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Maybe for the first time my question doesn't deal with number theory. Tonight a friend of mine told me about Hartogs' extension theorem and said his work in analytic microlocal analysis was somehow related to quantum physics. But when I read the statement of this theorem on Wikipedia, I immediately came to think of a possible application to general relativity. So, considering that space-time is locally isomorphic to $\mathbb{C}^{2}$, can this theorem explain why there should not be any naked singularity?
Sorry if the question is rather vague.

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up vote 3 down vote accepted

Hartog's theorem states that on $\mathbb{C}^n$, $n\ge 2$, if $f$ is a holomorphic function on $G\backslash K$ where $G\subset \mathbb{C}^n$ is open, $K$ is compact and $G\backslash K$ is connected then $f$ can be holomorphically extended to the whole $G$. In other words, singularities cannot stay bounded in compact sets.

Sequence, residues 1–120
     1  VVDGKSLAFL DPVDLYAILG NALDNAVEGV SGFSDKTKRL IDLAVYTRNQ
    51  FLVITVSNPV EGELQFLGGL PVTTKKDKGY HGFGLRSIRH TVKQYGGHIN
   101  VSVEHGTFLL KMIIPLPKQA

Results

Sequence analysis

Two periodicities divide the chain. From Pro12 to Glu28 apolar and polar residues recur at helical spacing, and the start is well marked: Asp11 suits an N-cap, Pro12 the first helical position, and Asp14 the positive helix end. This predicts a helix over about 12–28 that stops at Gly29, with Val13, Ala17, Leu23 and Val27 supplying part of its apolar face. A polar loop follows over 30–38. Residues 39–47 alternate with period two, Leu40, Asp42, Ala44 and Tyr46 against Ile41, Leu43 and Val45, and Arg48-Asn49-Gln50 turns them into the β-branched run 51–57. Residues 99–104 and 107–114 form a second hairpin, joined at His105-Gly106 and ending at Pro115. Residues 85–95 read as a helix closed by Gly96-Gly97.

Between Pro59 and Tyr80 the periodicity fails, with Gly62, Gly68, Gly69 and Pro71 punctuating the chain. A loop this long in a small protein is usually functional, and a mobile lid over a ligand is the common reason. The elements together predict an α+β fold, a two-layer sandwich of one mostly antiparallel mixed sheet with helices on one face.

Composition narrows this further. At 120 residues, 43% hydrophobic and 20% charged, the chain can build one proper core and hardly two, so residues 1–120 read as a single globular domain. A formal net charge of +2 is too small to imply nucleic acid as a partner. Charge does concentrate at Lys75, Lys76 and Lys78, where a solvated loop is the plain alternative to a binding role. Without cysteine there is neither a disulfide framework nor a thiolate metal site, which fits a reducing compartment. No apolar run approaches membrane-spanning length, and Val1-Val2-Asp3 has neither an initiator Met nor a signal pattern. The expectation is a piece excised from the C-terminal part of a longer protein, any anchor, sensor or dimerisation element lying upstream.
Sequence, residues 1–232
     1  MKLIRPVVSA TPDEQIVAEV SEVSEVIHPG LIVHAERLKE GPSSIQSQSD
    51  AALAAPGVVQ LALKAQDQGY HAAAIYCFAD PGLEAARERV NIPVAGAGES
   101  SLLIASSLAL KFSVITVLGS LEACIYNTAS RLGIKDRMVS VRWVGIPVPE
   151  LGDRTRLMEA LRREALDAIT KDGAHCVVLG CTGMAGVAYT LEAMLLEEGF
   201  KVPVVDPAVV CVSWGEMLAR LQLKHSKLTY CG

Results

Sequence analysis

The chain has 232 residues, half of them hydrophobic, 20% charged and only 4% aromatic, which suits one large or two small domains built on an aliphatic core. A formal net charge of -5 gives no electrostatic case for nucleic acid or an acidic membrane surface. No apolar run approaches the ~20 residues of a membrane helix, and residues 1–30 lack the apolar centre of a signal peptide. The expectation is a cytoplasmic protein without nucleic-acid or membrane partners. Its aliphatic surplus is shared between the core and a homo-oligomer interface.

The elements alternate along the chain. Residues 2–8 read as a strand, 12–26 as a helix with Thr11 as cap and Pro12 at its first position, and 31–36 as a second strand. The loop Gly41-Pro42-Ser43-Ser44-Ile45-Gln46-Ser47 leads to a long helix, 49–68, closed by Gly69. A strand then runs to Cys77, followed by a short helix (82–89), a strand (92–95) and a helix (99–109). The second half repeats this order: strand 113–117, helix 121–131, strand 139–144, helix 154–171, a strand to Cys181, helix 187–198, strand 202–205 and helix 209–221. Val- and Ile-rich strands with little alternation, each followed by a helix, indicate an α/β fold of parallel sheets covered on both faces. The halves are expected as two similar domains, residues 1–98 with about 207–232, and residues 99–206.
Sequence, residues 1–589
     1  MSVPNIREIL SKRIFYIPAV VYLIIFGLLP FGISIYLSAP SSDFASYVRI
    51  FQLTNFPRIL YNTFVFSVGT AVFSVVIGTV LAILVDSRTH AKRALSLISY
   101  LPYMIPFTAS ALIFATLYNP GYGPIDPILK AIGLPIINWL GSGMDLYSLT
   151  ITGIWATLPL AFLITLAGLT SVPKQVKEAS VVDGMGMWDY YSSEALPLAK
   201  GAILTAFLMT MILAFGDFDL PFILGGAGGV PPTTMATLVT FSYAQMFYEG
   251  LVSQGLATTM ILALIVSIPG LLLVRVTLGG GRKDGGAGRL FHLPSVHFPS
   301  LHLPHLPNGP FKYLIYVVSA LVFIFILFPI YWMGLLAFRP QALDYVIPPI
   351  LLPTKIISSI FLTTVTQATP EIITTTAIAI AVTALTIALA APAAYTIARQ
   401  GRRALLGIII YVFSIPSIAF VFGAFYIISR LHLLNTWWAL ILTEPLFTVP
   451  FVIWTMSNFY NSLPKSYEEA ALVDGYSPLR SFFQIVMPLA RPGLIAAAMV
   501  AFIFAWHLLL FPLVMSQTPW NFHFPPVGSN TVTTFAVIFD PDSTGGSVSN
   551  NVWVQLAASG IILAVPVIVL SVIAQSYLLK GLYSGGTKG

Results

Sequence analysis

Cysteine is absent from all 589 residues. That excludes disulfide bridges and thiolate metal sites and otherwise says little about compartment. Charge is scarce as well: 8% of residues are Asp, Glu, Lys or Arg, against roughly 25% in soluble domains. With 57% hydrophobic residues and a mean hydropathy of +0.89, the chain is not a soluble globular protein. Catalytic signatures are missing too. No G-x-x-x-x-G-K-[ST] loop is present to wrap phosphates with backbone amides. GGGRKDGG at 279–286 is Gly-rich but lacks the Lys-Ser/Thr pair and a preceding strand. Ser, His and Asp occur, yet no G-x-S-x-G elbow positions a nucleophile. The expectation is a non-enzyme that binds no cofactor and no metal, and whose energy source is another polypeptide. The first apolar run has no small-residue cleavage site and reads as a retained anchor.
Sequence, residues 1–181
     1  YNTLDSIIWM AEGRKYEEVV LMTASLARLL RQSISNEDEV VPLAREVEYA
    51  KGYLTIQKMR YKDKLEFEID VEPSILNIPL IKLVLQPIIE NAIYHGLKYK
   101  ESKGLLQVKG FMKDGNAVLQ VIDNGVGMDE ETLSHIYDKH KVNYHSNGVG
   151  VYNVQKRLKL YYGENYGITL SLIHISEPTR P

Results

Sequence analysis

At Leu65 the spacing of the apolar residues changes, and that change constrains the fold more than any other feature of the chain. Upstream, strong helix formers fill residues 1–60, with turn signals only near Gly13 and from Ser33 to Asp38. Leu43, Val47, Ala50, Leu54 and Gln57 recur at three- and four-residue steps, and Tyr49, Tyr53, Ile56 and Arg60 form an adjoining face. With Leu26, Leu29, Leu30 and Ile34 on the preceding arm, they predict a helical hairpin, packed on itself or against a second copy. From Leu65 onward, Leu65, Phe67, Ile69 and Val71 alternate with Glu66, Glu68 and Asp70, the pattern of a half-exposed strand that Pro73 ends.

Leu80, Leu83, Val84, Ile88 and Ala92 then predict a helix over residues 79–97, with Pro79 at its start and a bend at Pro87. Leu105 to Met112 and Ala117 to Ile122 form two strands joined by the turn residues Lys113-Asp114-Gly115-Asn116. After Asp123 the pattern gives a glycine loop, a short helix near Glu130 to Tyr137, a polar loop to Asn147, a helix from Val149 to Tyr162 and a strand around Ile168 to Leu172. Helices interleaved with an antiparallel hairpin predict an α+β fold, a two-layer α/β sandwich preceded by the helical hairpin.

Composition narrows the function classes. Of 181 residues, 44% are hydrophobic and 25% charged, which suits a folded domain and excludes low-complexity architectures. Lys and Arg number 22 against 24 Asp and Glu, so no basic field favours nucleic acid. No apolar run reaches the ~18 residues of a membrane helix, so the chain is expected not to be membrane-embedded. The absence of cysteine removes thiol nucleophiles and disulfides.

So the anwer is No, for two reasons. The first is that the metric components in general relativity are $C^2$, hence in general not holomorphic. The second is that, in any case, naked singularities are expected, mathematically speaking, at infinity: a curve headed at the singularity escapes every compact set. Think for instance of 1+1 Minkowski spacetime with the usual coordinates (t,x) and with the set $x\le 0$ removed. The line $x=0$ is made by naked singularity points.

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